Of course, when you start out, it will not work out the way you expect them to, and you will have to work at it for a time. One way of getting unstuck is to look at the characters in the book and see if you can think of things they would like to do. Not so much what you need them to do for the plot, but the sorts of things they would do if left to their own devices. See if some of those activities can be incorporated into the work.

A method to work your scenes into the best order is to put brief descriptions of possible scenes on Post-It notes or 3 x 5 cards and then just move them around until you are happy with the sequence of events. The director Robert Rodriguez talks about this method in his book Rebel Without a Crew, which Larry recommends as a creative guide for authors.

Larry’s books start with a brainstorming session where he goes for walks until he has all his ideas in place. There is a funny story about that. He was on a panel at LTUE one with Dave Wolverton, Lee Modesitt, and Brandon Sanderson, all successful epic fantasy authors. At the time, he was still a relative newcomer and only had the MHI series under his belt, so he was “only” an urban fantasy author. A member of the audience asked a question, and Larry had what he thought was a great answer and the guy tells Larry, “Sssh. I want to hear from the epic fantasy authors.” This really annoyed Larry and he talked to Brandon Sanderson, asking him about what constituted epic fantasy. Sanderson answered, “Well, big plots, overarching, world-shattering events, lots of characters, extensive world-building.” Larry decided on the spot to write an epic fantasy just so he could rub the nose of the pinhead in the audience in it. [Larry’s takeaway quote: “I am entirely motivated by spite for my best projects.]

After the con, he was talking to Mike Kupari back at home, but they couldn’t come up with a single idea about an epic fantasy. Larry’s son was reading a Marvel Comic book that included concept art for a noir Spiderman, including a trench coat and a fedora. That got the two of them started on how cool the 1930s was, not just the fedoras and trench coats, but they had gangsters, Tommy Guns, and dirigibles. Then, they spent four hours plotting out a world for an epic 1930s noir fantasy that became the Grimnoir Chronicles. So, one of Larry’s best ideas was written to spite a smartass from BYU.

One thing that is important once you have your “big idea” is to make sure that you extract every possible bit of utility from it for you work. Think of everything that you associate with the concepts connected to your idea, and think of every amazing and cool thing that anyone else might come up with attached to it, and put them all in your book. You are going to be spending a long time, months or years, writing the book, you want to make it as amazing as possible. Create a “catalog of awesomeness” for your idea. If you can’t come up with a bunch of cool ideas, then you might not have enough there for a novel. Even there, though, sheer enthusiasm might carry you through, because you will think of more things as you go along.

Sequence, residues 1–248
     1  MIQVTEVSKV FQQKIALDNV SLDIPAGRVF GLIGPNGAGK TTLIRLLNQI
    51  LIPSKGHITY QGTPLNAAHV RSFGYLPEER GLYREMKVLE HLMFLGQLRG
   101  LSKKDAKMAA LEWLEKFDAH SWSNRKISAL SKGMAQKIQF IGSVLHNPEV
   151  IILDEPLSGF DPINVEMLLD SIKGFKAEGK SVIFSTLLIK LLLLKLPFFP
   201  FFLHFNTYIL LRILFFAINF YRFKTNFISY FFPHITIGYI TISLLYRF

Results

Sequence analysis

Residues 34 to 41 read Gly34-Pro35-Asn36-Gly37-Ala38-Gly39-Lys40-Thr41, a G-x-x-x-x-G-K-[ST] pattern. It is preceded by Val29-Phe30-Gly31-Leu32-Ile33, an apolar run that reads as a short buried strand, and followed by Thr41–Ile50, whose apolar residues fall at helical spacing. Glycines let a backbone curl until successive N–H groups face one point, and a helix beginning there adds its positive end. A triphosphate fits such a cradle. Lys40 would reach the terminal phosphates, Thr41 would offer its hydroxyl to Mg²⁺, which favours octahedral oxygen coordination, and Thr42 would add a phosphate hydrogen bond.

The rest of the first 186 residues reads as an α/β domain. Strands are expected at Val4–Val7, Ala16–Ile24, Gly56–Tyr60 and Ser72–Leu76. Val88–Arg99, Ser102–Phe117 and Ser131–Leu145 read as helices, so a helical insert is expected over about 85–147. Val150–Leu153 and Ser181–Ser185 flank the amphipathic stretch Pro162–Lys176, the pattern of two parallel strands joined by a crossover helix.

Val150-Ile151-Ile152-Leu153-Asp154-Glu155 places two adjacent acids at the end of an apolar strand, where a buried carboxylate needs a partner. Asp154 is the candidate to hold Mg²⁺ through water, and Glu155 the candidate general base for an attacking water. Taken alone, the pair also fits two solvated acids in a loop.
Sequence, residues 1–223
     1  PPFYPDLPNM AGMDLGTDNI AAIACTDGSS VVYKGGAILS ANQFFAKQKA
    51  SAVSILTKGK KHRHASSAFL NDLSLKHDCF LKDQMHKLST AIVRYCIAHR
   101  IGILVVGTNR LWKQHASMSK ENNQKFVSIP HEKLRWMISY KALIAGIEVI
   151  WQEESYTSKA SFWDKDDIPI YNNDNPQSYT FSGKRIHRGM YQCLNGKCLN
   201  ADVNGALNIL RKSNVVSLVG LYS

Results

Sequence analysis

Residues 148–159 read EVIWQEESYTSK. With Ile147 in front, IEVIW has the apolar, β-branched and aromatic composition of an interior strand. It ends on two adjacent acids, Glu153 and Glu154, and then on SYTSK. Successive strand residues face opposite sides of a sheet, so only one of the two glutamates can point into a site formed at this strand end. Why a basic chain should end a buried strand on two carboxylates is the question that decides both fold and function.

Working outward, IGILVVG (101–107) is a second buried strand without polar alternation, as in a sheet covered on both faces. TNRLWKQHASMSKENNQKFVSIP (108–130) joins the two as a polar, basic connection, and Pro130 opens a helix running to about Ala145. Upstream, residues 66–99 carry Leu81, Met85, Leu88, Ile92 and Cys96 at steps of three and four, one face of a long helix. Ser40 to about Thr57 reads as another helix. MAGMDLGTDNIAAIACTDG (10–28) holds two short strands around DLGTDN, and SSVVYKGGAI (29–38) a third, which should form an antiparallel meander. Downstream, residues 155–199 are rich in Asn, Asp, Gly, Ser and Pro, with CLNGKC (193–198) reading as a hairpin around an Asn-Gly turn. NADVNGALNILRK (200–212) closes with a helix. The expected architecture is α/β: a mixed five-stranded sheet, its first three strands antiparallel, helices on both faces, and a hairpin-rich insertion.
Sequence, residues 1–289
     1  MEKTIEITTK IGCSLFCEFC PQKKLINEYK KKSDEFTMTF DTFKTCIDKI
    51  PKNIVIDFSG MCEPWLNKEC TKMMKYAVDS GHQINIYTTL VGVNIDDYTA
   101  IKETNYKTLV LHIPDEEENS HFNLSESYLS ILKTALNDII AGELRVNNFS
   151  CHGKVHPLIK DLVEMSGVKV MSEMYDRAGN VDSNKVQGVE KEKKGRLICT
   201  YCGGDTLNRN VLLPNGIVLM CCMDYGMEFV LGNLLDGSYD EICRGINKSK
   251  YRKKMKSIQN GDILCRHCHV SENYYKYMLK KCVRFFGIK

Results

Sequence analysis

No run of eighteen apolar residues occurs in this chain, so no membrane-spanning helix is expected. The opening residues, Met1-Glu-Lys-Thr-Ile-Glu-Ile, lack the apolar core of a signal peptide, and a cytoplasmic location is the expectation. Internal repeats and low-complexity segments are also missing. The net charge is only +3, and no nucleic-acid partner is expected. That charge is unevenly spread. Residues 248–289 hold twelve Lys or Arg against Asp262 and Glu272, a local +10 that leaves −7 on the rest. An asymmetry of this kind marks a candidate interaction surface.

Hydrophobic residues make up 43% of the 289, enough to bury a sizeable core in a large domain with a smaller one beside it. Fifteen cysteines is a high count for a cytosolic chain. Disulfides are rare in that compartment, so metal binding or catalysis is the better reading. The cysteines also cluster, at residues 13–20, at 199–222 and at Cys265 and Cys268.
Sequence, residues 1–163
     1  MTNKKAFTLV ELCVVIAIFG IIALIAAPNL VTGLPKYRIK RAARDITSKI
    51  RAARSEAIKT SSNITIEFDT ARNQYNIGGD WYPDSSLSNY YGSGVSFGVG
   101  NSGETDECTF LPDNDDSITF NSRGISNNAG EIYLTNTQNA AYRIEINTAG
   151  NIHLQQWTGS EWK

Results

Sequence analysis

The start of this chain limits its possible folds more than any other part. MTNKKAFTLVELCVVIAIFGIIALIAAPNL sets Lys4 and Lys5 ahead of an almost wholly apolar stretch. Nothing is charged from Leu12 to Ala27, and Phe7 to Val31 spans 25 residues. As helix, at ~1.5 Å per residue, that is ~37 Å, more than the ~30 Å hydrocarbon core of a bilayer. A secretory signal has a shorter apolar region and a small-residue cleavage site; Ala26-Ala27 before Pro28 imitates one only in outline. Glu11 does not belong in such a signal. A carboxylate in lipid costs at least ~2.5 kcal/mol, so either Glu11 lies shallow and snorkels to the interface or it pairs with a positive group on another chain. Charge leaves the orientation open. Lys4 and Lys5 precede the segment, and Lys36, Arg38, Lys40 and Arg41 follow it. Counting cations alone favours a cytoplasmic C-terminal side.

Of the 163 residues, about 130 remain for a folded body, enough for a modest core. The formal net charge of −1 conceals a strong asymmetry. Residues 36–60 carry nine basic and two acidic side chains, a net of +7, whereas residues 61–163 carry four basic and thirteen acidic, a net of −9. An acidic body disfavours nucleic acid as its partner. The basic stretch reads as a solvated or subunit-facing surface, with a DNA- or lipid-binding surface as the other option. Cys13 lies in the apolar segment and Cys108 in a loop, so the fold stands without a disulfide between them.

When Larry wrote Monster Hunter Alpha, a werewolf novel, he went back through everything he could remember about werewolf movies (and, by the way, he believes that he has seen every werewolf movie made, since he is totally a monster movie guy), then he made a list of everything good he could remember about werewolves and tried to fit it in the book.

Once you start on the work, it can sometimes be hard to tell when to let it go. When writing the book, you should make the book as good as you can, but don’t dwell on it forever. The thing is that you will get better as you write more books.

However, if an author spends too much time working on any particular book, they may not learn the general skill of writing books, but only how to polish that one book. Then, if they get a book deal, they have six months to do the second and third books, but they can’t produce because they don’t know how to make a book a year, which is pretty much the bare minimum for a professional author to survive. Remember, “perfection” is the enemy of “good enough.”

Once you have a book done, immediately start on another one. As a professional, it is important to produce. And, if you are stuck on a project, start on a new one. Anything, as long as you are writing. If you are having trouble, then remember the lesson of Dan Wells. He tried to write epic fantasy and failed completely, then he switched to horror and did great.